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Assuming the RH and $s \in \mathbb{C}, \rho_n =\frac12 \pm i\gamma_n$, the following (altered) Hadamard product:

$$\displaystyle \displaystyle \prod_{n=1}^\infty \left(1- \frac{s}{\frac12+ (-1)^n i \gamma_n} \right) \left(1- \frac{s}{\frac12+ (-1)^{n+1} i \gamma_n} \right) = \frac{\xi_{rie}(s)}{\xi_{rie}(0)}$$

runs through the alternating non-trivial zeros $\rho_n$ with $\xi_{rie}(s)= \frac12 s(s-1) \pi^{-\frac{s}{2}} \Gamma\left(\frac{s}{2}\right) \zeta(s)$.

Contrary to the factors of the original Hadamard product, these alternating factors do converge.

This question suggest that many similarities exist between infinite (Hadamard/Weierstrass) products using $\gamma_n=n$ and $\gamma_n=\Im(\rho_n)$, and this question shows that a closed form for alternating factors using $\gamma_n=n$ does exist. I therefore like to conjecture that also a closed form exists for the alternating formula above.

Let's call the closed form for each factor $A_-$ and $A_+$ and it is easy to see that:

$$\displaystyle A_-A_+=\frac{\xi_{rie}(s)}{\xi_{rie}(0)}=s(s-1) \pi^{-\frac{s}{2}} \Gamma\left(\frac{s}{2}\right) \zeta(s)$$

is the entire function to be split into two factors.

Splitting this function is easy to do for the Gamma-part: $G_-G_+=s(s-1) \pi^{-\frac{s}{2}} \Gamma\left(\frac{s}{2}\right)$, that for instance (there are more ways) could be factored into:

$$\displaystyle G_-=s\Gamma\left(\frac{s}{4}\right) \pi^{-\frac{s}{4}}2^{\frac{s}{4}-\frac32} \text{ and } G_+=(s-1)\Gamma \left(\frac{s}{4}+\frac12\right) \pi^{-(\frac{s}{4}+\frac12)}2^{\frac{s}{4}+\frac12}$$

But what to do with $\zeta(s)$?

The poles of $G_-$ (-4,-8,...) and $G_+$ (-2,-6,...) might provide some hints, since they need to be annihilated by the zeros of the 'to be found' $\zeta(s)$-factors. It is also clear that a $\zeta(s)$-factor must now induce alternating non-trivial zeros only i.e.: $\frac12+14.134...i,\frac12-21.022...i,\frac12+25.010...i, \dots$ (and its complement). Dividing the infinite product factors $A_-$ en $A_+$ (using n=699) by $G_-$ and $G_+$ respectively, one gets the following graphs of what the (absolute) $\zeta(s)$-factors might look like:

Question (apologies for the long intro):

The graphs of the two potential factors for $\zeta(s)$ above, could both be seen as analytically continued functions across $\mathbb{C}/1$, that have been derived "bottom up" from their alternating zeros. This would imply that in the domain $\Re(s)>1$ the two factors must multiply into:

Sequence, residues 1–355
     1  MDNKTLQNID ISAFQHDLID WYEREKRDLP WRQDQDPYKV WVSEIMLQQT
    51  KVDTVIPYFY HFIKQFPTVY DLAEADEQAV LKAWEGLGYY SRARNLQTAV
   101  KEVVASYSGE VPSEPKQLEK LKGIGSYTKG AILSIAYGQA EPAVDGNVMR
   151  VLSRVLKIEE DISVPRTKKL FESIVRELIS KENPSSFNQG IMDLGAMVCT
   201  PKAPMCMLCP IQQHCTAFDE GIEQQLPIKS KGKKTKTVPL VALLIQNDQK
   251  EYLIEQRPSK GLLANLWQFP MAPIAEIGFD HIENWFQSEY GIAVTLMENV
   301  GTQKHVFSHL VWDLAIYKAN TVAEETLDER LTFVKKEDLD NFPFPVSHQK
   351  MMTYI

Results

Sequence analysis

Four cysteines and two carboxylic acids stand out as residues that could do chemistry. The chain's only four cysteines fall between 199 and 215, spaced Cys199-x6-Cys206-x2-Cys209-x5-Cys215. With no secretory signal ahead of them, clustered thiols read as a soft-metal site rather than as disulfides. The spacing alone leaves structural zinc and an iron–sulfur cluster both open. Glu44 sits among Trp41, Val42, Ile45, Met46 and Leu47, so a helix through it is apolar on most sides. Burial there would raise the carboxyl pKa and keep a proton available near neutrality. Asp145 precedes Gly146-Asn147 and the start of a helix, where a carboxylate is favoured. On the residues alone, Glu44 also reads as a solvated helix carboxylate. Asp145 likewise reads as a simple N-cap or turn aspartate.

$$\zeta(s)=\sum_{n=1}^{\infty} \frac{1}{n^s} = \prod _{p \in \mathbb{P}}(1-p^{-s})^{-1}$$

Hence my question: are there any ways to split, the known analytically "discontinued" expressions for $\zeta(s)$ in the domain $\Re(s)>1$, into two factors that each can be analytically continued again?

P.S.:

(1) I have f.i. tried splitting the Euler product into its $(p \mod 4 = 1)$ and $(p \mod 4 = 3)$ factors, however did not see any way to analytically continue these.

(2) Also hoped to find some 'natural' connection with the alternating Zeta: $\eta(s)=\sum_{n=1}^{\infty} \frac{(-1)^{n-1}}{n^s}$ that is valid over the domain $\Re(s)>0$, however so far have been unsuccessful in factoring it further.

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Haven't found a full answer yet, however did discover a nice way (very different from the approach in the question) to split $\zeta(s)$ into two factors that are valid in $\mathbb{C}{/1}$ and that each induce the alternating conjugates of the $\rho$s.

With $\displaystyle \chi(s)=\pi^{-\frac{s}{2}}\,\Gamma\left(\frac{s}{2}\right)$ and $K(s)=\Psi\left(\frac{s}{2}\right)-\ln(\pi)$, with $\Psi\left(s\right)$ the Digamma function, then:

$$\zeta(s):= -\dfrac{2}{\chi(s)}\cdot\dfrac{\chi(1-s)\cdot\zeta'(1-s)+\chi(s)\cdot\zeta'(s)}{K(1-s)+K(s)}\qquad(1)$$

This allows the $\zeta(s)$ function to be split into (assuming principal branches for the squared roots):

$$\zeta_1(s):= i\cdot \sqrt{\dfrac{2}{\chi(s)}}\cdot\dfrac{\sqrt{\chi(1-s)\cdot\zeta'(1-s)}+i\cdot\sqrt{\chi(s)\cdot\zeta'(s)}}{\sqrt{K(1-s)}+i\cdot\sqrt{K(s)}}$$

and

$$\zeta_2(s):= i\cdot\sqrt{\dfrac{2}{\chi(s)}}\cdot\dfrac{\sqrt{\chi(1-s)\cdot\zeta'(1-s)}-i\cdot\sqrt{\chi(s)\cdot\zeta'(s)}}{\sqrt{K(1-s)}-i\cdot\sqrt{K(s)}}$$

so that $\zeta(s)=\zeta_1(s)\cdot\zeta_2(s)$.

The graph below shows a plot of both functions and how the zeros alternate. The additional pair of roots induced by the numerator at $\frac12 \pm 6.28...$ is exactly cancelled by the denominator.

enter image description here

Note that multiplying both sides of (1) by $\frac12\, s(s-1)\, \chi(s)$ gives the Riemann $\xi(s)$ function as:

$$\xi(s)=\xi(1-s)=s\,(1-s)\cdot\dfrac{\chi(1-s)\cdot\zeta'(1-s)+\chi(s)\cdot\zeta'(s)}{K(1-s)+K(s)}$$

Of course this can also be split into factors with e.g. $\sqrt{s\,(s-1)}$ and I had hoped to then link these to each alternating factor of the Hadamard product in the question (but no connection found).

The main issue I encountered is that although the $\zeta_1(s)$ and $\zeta_2(s)$ do nicely behave in the complex plane, in the real domain there are discontinuities induced by the real roots of $\zeta'(s)$ in the numerator and by roots of $K(s)$ in the denominator, that don't nicely annihilate each other (since squared roots are taken).

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